Sometimes the priorities of religious practitioners and the objectives of secular medicine align, but sometimes they don’t. In particular, the religious edicts controlling any given medical institution may clash with the moral, spiritual or physical priorities of a person seeking care. When that happens, who should get to decide? This question is being played out in the courts, with the big money coming from religious institutions. This illustrates the very heart of the problem with religion controlling healthcare, the ability of powerful institutions motivated by theology to impose their will on vulnerable individuals who simply need help or want to offer it.
Christians haven’t burned midwives as witches in a long time, but in the last century Christian clerics fought against polio vaccines (just as some conservative Muslims do today) because immunizing children was “playing God.” More recently, Christian authorities opposed HPV vaccines that prevent cervical cancer ( as have conservative Jewish groups in Israel). Some perceive that sexually transmitted illnesses are divine punishment for unsanctioned sex and eliminating the threat of cancer might (God forbid!) increase promiscuity. Others see mandatory vaccination as an intrusion on divinely appointed hierarchy in which a man decides what is best for his own wife and children.
Today Catholic and Evangelical authorities are going all in to fight against universal access to contraception. Giving women the ability to delay, space and limit childbearing subverts God’s intention, which is, as the New Testament writer puts it, “women shall be saved through childbearing.”
The Church is also throwing weight and dollars into opposing aid in dying. Antibiotics and assistive technologies increasingly are removing some of the easiest ways to die of old age—pneumonia, for example. As baby boomers witness the drawn-out deaths of their parents, they increasingly are looking for ways to manage their own end of life experience. But Catholic theology and authorities insist that life is sacred, “from conception to natural death.”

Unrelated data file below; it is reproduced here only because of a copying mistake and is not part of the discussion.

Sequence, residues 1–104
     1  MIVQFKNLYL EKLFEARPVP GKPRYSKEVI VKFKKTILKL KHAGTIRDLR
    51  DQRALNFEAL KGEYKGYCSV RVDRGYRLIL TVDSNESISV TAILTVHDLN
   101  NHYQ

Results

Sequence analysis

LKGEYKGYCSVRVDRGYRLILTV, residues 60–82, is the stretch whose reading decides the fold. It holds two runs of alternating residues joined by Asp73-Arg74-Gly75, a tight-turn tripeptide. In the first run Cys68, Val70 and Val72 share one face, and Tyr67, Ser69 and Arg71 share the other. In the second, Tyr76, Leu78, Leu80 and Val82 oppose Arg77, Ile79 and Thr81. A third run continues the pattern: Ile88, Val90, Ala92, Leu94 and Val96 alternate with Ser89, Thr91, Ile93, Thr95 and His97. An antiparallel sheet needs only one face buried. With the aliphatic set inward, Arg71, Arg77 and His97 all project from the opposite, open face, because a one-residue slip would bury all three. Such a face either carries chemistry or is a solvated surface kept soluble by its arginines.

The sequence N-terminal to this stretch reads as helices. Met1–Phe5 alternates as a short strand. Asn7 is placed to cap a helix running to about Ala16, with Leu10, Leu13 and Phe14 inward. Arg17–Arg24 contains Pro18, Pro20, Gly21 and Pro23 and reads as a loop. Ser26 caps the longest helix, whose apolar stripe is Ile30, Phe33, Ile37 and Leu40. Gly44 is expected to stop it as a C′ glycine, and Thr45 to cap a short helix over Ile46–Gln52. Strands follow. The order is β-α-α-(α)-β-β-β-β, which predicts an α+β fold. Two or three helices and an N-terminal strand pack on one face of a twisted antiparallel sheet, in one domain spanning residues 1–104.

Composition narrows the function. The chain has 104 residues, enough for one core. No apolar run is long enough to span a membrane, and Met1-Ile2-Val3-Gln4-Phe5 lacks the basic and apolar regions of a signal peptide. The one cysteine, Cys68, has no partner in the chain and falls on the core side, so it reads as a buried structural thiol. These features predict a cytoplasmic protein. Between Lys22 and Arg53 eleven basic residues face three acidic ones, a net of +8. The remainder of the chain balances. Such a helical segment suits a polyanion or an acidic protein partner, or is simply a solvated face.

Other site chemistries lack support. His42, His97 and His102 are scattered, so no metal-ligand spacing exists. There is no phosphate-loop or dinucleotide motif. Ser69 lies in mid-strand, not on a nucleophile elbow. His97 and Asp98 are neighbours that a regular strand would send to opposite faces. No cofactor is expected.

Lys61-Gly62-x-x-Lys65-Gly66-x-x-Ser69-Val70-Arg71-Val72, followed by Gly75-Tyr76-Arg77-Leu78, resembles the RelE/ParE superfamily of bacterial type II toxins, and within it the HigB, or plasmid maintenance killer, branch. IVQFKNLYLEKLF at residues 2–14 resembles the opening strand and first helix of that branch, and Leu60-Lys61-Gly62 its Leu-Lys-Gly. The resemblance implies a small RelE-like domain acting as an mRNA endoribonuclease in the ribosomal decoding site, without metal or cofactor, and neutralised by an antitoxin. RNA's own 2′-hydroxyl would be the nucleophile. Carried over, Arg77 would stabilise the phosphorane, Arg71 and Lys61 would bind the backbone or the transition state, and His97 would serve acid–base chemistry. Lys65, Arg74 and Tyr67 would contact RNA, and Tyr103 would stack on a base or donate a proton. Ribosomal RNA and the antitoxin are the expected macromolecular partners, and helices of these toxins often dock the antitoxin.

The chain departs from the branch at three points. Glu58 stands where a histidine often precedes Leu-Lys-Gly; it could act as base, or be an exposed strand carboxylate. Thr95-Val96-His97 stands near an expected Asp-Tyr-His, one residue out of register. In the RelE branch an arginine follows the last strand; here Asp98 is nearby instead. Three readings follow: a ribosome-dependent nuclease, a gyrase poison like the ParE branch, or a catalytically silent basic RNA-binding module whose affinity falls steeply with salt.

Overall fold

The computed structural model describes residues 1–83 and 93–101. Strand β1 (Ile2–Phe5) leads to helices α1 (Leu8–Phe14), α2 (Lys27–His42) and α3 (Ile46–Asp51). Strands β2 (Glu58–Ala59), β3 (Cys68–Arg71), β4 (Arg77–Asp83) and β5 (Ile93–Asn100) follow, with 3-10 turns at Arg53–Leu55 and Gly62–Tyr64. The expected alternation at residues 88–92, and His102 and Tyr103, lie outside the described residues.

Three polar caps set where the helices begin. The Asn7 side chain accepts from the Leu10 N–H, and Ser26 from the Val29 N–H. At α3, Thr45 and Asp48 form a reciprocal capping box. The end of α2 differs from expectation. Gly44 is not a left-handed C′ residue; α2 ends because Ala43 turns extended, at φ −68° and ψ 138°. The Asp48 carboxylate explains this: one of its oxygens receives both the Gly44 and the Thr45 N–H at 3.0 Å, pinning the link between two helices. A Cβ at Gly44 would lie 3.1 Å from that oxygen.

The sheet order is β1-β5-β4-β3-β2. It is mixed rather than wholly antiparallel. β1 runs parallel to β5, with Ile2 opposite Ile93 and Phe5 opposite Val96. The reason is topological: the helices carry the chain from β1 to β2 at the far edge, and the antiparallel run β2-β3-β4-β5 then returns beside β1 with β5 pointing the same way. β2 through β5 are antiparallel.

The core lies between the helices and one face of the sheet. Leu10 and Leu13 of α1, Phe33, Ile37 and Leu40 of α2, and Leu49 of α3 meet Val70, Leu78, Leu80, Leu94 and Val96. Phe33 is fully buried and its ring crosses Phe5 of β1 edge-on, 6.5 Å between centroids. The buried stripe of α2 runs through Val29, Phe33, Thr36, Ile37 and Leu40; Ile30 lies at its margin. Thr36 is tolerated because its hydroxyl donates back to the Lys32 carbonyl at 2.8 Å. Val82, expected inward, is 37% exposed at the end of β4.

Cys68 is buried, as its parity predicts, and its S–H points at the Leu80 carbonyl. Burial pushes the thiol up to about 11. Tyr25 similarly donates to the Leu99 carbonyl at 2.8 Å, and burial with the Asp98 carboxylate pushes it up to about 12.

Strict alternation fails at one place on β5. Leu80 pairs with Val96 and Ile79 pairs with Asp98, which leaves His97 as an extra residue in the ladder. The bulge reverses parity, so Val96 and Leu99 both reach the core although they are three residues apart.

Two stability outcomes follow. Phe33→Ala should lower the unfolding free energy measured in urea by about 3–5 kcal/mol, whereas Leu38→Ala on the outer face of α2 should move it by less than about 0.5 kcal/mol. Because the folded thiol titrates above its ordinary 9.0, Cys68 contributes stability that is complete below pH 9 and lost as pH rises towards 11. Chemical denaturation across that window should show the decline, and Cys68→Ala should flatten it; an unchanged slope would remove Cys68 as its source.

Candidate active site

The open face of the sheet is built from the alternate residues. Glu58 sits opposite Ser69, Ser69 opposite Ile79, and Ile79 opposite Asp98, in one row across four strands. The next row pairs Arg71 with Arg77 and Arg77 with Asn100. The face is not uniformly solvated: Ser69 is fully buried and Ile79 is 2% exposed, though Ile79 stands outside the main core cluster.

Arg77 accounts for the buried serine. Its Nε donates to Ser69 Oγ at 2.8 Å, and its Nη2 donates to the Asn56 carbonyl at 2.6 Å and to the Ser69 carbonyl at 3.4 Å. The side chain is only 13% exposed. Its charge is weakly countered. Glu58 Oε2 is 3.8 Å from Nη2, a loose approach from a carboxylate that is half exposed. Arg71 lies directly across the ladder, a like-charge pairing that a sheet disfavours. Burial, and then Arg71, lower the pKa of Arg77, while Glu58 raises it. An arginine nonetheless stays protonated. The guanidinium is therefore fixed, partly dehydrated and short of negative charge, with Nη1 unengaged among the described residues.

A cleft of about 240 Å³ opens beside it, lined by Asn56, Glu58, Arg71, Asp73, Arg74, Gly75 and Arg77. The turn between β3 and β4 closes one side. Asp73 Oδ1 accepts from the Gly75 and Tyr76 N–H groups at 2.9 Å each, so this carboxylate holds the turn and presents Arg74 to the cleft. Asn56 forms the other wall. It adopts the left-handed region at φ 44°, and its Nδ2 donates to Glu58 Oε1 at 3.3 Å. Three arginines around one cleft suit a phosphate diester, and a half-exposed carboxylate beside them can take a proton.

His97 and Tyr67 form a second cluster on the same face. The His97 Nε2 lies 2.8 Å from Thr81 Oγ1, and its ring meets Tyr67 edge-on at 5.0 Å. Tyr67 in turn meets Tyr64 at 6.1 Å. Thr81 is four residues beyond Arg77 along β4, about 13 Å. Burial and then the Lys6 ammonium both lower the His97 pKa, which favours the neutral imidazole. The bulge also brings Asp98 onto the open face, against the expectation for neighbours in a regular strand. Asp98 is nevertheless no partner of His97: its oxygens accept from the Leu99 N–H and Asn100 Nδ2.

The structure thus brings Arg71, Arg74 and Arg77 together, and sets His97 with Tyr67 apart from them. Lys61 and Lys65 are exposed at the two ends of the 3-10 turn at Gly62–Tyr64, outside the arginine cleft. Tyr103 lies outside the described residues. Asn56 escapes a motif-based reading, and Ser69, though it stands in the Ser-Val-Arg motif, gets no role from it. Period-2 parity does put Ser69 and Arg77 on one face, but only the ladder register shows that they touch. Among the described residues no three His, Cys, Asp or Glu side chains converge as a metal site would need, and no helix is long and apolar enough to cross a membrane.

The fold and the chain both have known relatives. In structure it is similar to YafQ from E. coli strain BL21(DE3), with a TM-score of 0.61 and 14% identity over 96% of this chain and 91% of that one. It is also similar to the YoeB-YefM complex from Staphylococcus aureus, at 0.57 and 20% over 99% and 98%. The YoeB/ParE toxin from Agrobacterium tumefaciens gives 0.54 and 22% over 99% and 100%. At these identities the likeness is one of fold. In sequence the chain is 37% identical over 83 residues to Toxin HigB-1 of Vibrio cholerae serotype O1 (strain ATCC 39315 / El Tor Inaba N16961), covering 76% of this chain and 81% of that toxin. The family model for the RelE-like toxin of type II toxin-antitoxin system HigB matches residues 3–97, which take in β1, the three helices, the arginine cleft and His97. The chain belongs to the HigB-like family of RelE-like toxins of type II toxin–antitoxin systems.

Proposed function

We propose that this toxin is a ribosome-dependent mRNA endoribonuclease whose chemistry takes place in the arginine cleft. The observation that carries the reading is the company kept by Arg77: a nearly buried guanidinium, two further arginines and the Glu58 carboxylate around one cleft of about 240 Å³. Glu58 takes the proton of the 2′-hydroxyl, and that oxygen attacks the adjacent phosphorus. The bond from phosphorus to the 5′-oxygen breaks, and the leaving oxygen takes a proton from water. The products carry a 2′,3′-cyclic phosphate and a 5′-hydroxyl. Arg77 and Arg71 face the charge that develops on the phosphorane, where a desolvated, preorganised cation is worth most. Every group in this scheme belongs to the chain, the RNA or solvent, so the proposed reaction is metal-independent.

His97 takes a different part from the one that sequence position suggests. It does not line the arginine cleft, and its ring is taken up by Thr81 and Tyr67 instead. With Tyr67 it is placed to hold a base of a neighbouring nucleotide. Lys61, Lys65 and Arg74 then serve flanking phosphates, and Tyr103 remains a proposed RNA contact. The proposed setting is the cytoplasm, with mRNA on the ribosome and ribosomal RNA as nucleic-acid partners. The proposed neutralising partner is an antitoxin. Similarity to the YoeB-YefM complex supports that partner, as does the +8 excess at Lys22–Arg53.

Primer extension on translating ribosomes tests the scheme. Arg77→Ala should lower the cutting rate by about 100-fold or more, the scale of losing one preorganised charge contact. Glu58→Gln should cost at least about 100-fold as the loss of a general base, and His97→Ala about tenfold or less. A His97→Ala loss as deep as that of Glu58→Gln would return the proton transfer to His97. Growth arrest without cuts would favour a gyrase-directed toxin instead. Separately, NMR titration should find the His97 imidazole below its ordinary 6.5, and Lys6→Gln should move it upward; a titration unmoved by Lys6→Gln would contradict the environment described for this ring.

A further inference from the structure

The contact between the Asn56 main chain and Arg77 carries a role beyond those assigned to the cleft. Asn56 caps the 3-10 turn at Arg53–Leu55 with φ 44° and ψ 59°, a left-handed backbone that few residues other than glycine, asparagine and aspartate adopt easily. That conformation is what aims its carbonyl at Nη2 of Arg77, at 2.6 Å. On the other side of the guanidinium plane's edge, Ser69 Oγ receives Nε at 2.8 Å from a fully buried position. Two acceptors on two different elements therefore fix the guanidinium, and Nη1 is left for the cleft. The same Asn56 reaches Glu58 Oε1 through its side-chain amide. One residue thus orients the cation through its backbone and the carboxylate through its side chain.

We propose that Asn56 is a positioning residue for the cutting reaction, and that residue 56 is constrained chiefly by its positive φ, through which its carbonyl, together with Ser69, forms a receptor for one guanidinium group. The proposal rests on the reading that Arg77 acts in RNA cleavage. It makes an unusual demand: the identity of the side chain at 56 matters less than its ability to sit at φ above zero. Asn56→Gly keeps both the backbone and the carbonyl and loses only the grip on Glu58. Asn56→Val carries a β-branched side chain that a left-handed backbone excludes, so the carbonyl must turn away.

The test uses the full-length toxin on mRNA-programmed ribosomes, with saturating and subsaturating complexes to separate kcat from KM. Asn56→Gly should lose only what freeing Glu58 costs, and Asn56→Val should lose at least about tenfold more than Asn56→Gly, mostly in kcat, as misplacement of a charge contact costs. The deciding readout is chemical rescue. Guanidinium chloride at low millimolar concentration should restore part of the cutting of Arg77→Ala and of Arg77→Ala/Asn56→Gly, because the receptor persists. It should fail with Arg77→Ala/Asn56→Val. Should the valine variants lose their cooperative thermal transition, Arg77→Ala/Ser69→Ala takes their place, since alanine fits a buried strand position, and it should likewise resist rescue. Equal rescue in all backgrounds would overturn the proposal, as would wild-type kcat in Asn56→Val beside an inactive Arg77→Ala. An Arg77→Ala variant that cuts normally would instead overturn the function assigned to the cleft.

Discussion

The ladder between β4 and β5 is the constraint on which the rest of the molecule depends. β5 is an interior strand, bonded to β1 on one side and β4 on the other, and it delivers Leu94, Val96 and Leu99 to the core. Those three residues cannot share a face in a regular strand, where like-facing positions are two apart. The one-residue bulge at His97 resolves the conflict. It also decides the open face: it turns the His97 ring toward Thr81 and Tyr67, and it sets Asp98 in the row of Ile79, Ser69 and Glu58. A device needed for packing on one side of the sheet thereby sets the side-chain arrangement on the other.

Religion may not poison everything, as the late Christopher Hitchens alleged, but it can poison healthcare. And from there the poison seeps into society more broadly, because in order to maintain their privilege in the healthcare system, Churches and Religious corporations fight legal battles that undermine human rights in society at large. They have argued that the conscience rights of institutions and corporations should be able to trump individual conscience. They have challenged anti-discrimination laws, and won, effectively establishing legal precedent that freedom from discrimination is not a constitutional right. They have argued that they should be exempt from labor organizing because giving workers the right to organize impinges on their sovereignty. Driven by dogma, lawyers find circuitous arguments and judges uphold “rights” that under any other light would look patently immoral.